From La Grande, Oregon, USA:
My daughter was diagnosed with type 1 when she was 13 months old. Now, five years later, I have been noticing that she has a hard time identifying letters; she can tell you the sounds, but not the names. I have worked at length with her but have had little luck. She has a hard time remembering a letter that we went over two minutes earlier. Her blood sugars are constantly out of control, highs and lows. I want to help her with her struggle. Is this something that is related to her diabetes? Where can I go for help?
It is unlikely that the problems you describe are diabetes related but you should ask this questions directly to your diabetes team. They will know something about your child's overall glucose control and specifically, the frequency and severity of hypoglycemia and hyperglycemia, A1c levels, etc.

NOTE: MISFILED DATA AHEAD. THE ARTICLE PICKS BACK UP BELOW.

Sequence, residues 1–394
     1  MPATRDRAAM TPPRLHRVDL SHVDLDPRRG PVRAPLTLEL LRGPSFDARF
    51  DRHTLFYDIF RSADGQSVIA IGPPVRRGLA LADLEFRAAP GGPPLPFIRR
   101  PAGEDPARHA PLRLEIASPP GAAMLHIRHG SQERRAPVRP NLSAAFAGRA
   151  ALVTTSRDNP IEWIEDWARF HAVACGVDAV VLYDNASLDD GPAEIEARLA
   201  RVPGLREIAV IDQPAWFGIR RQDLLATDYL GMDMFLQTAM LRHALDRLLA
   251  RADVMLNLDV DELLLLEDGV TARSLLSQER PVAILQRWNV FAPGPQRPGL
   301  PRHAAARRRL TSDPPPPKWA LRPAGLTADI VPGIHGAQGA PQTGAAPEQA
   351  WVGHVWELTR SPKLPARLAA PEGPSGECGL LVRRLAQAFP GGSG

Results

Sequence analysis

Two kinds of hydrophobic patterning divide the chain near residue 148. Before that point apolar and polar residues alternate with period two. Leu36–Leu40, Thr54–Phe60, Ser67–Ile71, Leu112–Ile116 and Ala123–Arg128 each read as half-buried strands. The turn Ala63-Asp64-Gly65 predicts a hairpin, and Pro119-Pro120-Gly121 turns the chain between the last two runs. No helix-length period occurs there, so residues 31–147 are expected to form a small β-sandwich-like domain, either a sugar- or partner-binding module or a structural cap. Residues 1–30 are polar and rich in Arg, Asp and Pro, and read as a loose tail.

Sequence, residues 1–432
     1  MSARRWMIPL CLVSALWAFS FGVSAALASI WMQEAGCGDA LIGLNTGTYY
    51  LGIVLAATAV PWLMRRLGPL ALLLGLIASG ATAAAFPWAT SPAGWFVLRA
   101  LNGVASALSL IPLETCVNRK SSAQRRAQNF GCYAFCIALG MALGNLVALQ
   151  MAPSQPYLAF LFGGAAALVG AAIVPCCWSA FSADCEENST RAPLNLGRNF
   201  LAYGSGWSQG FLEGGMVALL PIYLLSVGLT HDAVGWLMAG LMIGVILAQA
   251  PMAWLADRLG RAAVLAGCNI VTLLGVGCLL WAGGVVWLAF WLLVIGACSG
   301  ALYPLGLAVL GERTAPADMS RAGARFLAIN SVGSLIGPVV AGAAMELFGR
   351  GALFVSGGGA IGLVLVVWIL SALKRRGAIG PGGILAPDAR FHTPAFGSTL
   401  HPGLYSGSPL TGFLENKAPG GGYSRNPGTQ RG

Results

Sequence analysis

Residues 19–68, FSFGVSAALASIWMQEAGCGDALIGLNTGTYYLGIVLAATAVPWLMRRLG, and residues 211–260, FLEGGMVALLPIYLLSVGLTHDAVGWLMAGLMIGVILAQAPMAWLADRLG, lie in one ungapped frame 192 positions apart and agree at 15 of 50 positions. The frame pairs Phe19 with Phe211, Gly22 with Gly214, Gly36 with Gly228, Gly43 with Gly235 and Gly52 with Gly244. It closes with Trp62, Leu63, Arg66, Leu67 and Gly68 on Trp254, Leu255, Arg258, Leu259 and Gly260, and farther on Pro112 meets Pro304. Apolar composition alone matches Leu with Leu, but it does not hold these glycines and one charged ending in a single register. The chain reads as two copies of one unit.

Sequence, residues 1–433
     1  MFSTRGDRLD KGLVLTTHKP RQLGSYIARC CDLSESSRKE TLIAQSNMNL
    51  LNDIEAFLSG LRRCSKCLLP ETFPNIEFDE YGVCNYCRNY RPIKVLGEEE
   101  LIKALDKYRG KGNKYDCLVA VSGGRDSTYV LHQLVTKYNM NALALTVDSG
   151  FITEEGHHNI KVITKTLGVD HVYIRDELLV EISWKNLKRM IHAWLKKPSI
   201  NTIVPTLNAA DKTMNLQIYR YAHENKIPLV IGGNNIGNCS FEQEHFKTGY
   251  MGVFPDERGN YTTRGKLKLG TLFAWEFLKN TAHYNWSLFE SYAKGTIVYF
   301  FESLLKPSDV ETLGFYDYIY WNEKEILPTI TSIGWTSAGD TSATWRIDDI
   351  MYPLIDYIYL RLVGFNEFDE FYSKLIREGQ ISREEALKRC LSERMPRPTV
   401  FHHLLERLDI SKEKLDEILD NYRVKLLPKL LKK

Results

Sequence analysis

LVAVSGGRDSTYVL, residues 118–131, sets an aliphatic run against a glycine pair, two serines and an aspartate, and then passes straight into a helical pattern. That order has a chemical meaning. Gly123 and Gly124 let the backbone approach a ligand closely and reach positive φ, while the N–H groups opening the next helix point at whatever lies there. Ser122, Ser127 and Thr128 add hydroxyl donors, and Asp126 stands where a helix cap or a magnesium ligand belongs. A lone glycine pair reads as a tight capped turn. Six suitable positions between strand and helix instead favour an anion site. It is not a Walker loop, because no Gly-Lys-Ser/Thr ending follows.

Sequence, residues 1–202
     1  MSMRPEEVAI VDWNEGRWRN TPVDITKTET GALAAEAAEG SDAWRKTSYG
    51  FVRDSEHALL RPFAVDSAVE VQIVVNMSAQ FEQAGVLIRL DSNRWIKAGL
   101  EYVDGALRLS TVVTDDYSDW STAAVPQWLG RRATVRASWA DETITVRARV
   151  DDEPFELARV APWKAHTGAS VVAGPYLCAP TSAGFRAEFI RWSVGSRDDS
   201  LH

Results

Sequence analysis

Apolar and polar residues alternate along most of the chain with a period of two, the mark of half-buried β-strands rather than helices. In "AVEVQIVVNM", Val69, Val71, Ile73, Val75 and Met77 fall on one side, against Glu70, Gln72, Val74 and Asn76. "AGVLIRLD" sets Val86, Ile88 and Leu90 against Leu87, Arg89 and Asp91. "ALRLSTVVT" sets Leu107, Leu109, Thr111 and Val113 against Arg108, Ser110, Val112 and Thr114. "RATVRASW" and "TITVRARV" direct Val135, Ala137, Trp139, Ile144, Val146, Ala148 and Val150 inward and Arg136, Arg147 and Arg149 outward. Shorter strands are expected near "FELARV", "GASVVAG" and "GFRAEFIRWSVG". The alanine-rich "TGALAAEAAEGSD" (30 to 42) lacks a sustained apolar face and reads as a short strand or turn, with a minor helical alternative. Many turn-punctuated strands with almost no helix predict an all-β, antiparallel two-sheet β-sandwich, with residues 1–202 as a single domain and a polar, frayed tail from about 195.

I would suggest consulting first with your pediatrician and then perhaps also with a learning specialist either in the school or privately. Your pediatrician should know of resources in the community to determine if there is any specific learning difficulty and, more importantly, what strategies, remedies etc., may be useful.
Last Updated: Tuesday April 06, 2010 15:10:02
This Internet site provides information of a general nature and is designed for educational purposes only. If you have any concerns about your own health or the health of your child, you should always consult with a physician or other health care professional.
This site is published by T-1 Today, Inc. (d/b/a Children with Diabetes), a 501c3 not-for-profit organization, which is responsible for its contents. Our mission is to provide education and support to families living with type 1 diabetes.
© Children with Diabetes, Inc. 1995-2016. Comments and Feedback.